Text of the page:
Also found in: Dictionary, Thesaurus, Legal, Encyclopedia, Wikipedia.
Execution by being burned alive while tied to a large wooden stake. The township found her guilty of witchcraft and sentenced her to the stake.
In jeopardy of being won or lost, or in the process of being determined as a positive or negative outcome. My presentation needs to go perfectly—the big promotion is at stake. Our dream house is at stake here, so we need write the best possible offer.
Fig. ready to be won or lost; at risk; hanging in the balance. That's a very risky investment. How much money is at stake? I have everything at stake on this wager.
burn someone at the stake
1. Lit. to set fire to a person tied to a post (as a form of execution). They used to burn witches at the stake.
2. Fig. to chastise or denounce someone severely or excessively. Stop yelling. I made a simple mistake, and you're burning me at the stake for it. Sally only spilled her milk. There is no need to shout. Don't burn her at the stake for it.
have a stake in something
Fig. to have something at risk in something; to have a financial or other interest in something. I have a stake in that company. I want it to make a profit. I don't have a stake in it, so I don't care.
pull up stakes
1. Lit. to pull up tent stakes to take down a tent in preparation to leaving. Let's pull up stakes and head home before the storm hits.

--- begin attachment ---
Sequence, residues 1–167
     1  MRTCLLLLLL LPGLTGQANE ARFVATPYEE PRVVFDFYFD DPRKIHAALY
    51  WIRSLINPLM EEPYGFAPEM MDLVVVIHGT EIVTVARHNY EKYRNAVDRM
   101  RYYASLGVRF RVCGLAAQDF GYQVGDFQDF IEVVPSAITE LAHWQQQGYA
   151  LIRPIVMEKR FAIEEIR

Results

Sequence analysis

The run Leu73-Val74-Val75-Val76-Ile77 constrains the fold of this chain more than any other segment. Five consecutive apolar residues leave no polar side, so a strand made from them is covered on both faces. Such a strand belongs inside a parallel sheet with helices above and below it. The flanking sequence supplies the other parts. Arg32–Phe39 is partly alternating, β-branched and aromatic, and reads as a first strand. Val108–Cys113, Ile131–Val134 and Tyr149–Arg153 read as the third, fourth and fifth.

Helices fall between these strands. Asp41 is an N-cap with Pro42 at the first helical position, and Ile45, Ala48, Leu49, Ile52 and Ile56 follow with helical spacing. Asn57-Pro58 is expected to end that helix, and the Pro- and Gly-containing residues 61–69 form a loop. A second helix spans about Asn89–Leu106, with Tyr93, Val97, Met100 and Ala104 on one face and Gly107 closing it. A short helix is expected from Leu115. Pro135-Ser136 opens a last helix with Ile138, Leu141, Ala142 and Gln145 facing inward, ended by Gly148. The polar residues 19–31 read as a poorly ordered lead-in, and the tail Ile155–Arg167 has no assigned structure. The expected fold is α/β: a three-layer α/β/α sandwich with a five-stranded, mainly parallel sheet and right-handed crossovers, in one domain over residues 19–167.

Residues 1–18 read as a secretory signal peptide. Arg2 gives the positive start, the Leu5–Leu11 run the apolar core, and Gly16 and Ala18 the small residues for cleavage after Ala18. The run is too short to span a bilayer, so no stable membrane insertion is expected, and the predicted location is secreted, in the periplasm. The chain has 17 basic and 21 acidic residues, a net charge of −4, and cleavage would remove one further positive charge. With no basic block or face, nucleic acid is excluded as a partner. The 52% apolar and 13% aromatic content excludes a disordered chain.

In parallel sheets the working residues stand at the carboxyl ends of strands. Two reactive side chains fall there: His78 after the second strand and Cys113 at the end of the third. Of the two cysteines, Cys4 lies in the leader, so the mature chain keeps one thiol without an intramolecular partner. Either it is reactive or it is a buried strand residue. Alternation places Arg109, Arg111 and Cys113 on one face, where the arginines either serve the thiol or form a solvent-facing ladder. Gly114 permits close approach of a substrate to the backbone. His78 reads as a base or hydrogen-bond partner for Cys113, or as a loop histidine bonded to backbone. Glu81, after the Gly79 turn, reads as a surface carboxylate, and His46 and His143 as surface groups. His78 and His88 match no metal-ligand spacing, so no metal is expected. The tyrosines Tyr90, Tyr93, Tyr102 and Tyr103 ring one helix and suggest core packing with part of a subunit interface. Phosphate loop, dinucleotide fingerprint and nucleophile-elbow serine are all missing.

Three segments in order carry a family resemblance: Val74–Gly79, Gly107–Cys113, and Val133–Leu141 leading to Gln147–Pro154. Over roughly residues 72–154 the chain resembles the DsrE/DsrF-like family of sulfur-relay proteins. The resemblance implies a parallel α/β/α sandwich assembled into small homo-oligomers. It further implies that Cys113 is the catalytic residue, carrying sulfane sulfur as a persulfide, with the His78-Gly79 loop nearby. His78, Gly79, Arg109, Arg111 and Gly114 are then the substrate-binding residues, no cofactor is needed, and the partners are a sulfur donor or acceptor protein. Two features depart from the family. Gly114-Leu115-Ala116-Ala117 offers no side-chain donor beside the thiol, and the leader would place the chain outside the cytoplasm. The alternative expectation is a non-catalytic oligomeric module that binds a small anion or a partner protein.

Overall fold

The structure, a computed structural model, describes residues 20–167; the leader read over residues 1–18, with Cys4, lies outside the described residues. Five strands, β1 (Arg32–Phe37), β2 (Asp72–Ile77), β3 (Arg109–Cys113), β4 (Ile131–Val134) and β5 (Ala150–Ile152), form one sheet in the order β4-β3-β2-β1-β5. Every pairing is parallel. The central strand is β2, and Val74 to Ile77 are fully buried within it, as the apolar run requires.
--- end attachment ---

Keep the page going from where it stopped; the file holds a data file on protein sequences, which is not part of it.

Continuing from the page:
2. Fig. to end one's ties to a particular place; to get ready to move away from a place where one has lived or worked for a long time. Even after all these years, pulling up stakes is easier than you think. It's time to pull up stakes and move on.
stake a claim to someone or something
Fig. to state or record one's claim on someone or something. (Alludes to marking off an area by pounding in wooden stakes.) she staked a claim to Jeff and told all her rivals to stay away. The prospector staked a claim to the gold-rich area.
stake one's reputation on someone or something
to risk harming one's reputation on someone or something. Of course Denise is great. I will stake my reputation on her! It may be so, but I wouldn't stake my reputation on it.
stake out a claim to somethingand stake out a claim on something
to lay claim to something. The prospector staked out a claim to the promising piece of land. We staked out a claim on two seats at the side of the auditorium.
stake someone or something out
1. to position a person so that someone or something can be observed or followed. The cops staked the car out and made the arrest. Barlowe staked out the apartment building and watched patiently for an hour.
2. to position a person to observe someone or something. He staked his best operative out in front of the building. We staked out two men to keep watch.
stake someone to something
to make a loan of something to someone. I will stake you to a hundred bucks if that will help. Jed refused to stake Tex to a loan.
stake something off
to mark out the boundaries of an area of land with stakes. The prospectors staked an area off for themselves. The prospectors staked off an area in which they would look for gold.
to prepare for leaving and then leave. (Up has the force of a verb here. The phrase suggests pulling up tent stakes in preparation for departure.) They just upped stakes and left without saying good-bye. It's that time of the year when I feel like upping stakes and moving to the country.
stake a claim (to something)also stake your claim (to something)